HONG KONG – With an aging population and a shortage of doctors, Japan is now working to develop artificial intelligence (AI)-based medicine faster than any other country in Asia.

Japan's lawmakers and regulators are paying particular attention to the changing nature of AI-based devices and systems. AIs learn over time, in large part by reviewing huge datasets. In theory, the larger the datasets the better the performance of the AI. This means that the performance of AI devices may change over time and these changes create unique challenges for regulators.

Japan, which has a very well-developed health care system and health care regulations, is rapidly moving forward with the adoption of AI. Japan has plans to invest more than $100 million to open 10 AI-based hospitals by the end of 2022. These model hospitals will use AI in all tasks, from updating patient records to assisting with diagnosis. The advanced technology will also be used to analyze blood tests, vitals, electrocardiography, DNA parsing and imaging.

Japan is already using AI in surgery.

Earlier this year, Tokyo Women's Medical University and Waseda University Joint Institute for Advanced Biomedical Sciences used AI in a brain surgery to treat essential tremor, a nerve disorder. The surgery team used Smart Cyber Operating Theater (SCOT), which blends AI and robotics tools. The AI advised on surgical options such as where the incisions should be made and provided doctors with a data stream from the medical tools.

While accelerating the use of the advanced technology, Japan has set up regulations to govern the development of AI-powered medical devices, especially focusing on device performance evaluation. As they accumulate data and deep learning, AIs adapt their performance. As the performance changes, current regulation requires a whole new set of government approvals. This can be a time-consuming process.

To push for a more effective approval process, the Japanese government created a committee and a consortium to develop quality control standards and evaluate the efficiency of AI devices.

In 2017, the government's Pharmaceuticals and Medical Devices Agency (PMDA) put in place a subcommittee of the Science Board on AI and its Applications in Medical Field. The subcommittee held six meetings and published a final report in 2018 in Advanced Biomedical Engineering. The report stated AI-based medical and health care devices and systems have unique characteristics in the viewpoint of regulatory science.

The characteristics include plasticity that causes changes in system performance by learning. This constant change creates a need for new regulatory concepts that take into account the timing of learning and the assignment of responsibilities to manage risks. A regulatory framework should also account for the unpredictability of system behavior in response to unknown inputs as well as the need for assurance of the characteristics of datasets used for learning and evaluation.

"As AI-based medical devices have some unique characteristics, we organized the subcommittee to support policies for the devices. Even [though] the subcommittee meetings ended in 2017, we will supplement the policies based on our meeting results," a spokesman at PMDA told BioWorld MedTech.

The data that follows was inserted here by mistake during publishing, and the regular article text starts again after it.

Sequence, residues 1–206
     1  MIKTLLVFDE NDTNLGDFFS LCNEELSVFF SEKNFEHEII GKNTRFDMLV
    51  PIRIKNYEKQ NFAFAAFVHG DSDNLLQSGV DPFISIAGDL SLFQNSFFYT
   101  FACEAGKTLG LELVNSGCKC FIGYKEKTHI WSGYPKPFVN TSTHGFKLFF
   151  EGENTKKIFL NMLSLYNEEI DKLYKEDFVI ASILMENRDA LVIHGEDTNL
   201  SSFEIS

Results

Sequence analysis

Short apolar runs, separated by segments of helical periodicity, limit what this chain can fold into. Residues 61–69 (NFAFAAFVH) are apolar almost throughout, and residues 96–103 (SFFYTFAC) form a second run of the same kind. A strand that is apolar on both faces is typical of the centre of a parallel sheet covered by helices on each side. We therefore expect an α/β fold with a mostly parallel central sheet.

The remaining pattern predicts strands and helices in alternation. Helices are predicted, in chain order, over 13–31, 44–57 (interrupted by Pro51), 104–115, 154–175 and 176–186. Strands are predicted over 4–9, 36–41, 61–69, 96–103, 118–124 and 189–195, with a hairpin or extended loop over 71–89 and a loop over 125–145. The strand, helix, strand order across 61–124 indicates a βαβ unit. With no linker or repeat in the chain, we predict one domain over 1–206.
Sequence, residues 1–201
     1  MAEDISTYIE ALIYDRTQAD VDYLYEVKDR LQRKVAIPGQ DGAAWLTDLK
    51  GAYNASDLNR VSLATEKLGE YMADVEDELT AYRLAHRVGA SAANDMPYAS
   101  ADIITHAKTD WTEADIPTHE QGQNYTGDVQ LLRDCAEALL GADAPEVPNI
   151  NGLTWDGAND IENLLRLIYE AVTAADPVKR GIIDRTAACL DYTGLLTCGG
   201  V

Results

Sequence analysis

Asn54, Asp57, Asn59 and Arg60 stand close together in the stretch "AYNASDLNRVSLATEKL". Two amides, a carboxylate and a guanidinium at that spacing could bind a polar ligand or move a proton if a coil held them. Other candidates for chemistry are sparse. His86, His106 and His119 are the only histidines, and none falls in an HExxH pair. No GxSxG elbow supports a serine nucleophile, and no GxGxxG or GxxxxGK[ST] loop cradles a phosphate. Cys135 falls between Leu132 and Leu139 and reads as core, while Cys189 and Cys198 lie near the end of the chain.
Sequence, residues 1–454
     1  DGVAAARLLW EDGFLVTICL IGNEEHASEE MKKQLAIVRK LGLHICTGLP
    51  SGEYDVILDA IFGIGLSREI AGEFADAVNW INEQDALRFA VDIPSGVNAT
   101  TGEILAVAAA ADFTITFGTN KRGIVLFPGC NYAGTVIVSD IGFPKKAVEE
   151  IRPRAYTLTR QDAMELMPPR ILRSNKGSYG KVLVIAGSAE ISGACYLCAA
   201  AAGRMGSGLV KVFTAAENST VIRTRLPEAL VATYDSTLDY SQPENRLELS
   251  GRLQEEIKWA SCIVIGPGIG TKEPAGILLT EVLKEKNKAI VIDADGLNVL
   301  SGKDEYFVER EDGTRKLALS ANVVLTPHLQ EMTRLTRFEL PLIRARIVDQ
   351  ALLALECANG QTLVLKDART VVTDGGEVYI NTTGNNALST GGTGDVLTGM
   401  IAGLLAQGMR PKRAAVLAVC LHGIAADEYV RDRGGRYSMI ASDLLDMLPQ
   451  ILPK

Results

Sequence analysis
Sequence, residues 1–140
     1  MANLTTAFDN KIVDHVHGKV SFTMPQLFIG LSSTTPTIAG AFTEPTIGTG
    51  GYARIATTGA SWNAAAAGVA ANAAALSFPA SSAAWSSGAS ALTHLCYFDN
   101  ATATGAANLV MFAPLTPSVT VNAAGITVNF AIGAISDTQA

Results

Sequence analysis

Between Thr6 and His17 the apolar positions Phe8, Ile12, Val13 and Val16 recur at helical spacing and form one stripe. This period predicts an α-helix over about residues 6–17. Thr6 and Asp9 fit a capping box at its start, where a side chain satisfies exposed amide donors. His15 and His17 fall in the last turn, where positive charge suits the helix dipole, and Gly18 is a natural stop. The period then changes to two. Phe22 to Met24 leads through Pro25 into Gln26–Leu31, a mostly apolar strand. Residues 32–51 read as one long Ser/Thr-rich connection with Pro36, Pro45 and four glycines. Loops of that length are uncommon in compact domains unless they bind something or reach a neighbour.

Data quality is paramount

Mamoru Mitsuishi, executive director and vice president of the subcommittee and professor at the University of Tokyo, said the biggest challenge is to assess the quality of the data collected for the AI to learn after the government approval.

"In general, the data used to measure the performance of AI-based medical devices before approval is collected by selected people, and the quality of the data is controlled. After approval, however, data is collected to update the performance of the AI-based medical devices," he told BioWorld MedTech. "Such data will be collected by users including non-specialists. Therefore, the data may include missing data and errors. Also, there may be data collected under situations that the device developers have not expected in advance."

For quality control after approval, the Ministry of Health, Labor and Welfare (MHLW) created a consortium to promote AI in the medical field. Last May, the consortium put forth an assessment index for medical imaging diagnosis supporting systems based on AI.

The standards require manufacturers to control the quality of devices while clinical sites are expected to maintain quality-control systems equal to those of the manufacturer and carry out countermeasures when the device performance falls below its lowest limits.

If the performance of an AI device changes, the manufacturer is expected to notify users. When the performance changes after an AI device is launched, the manufacturer is also expected to assure the quality of the device in regards to clinical and statistical issues.

The MHLW also introduced last May a revised bill to screen systems and accelerate the re-approval of AI-based medical devices. The revised bill requires developers of AI-powered device to provide details about how the device will be updated using new data and by managing and improving machine learning capabilities.

For reauthorization, the government will check if the machine performs up to specifications after any updates.

The bill remains under discussion at the National Diet, Japan's legislature, even though the original goal was to pass the bill during the regular session last June. A key goal is to shorten the authorization process for AI devices. The current process takes nine to 12 months.

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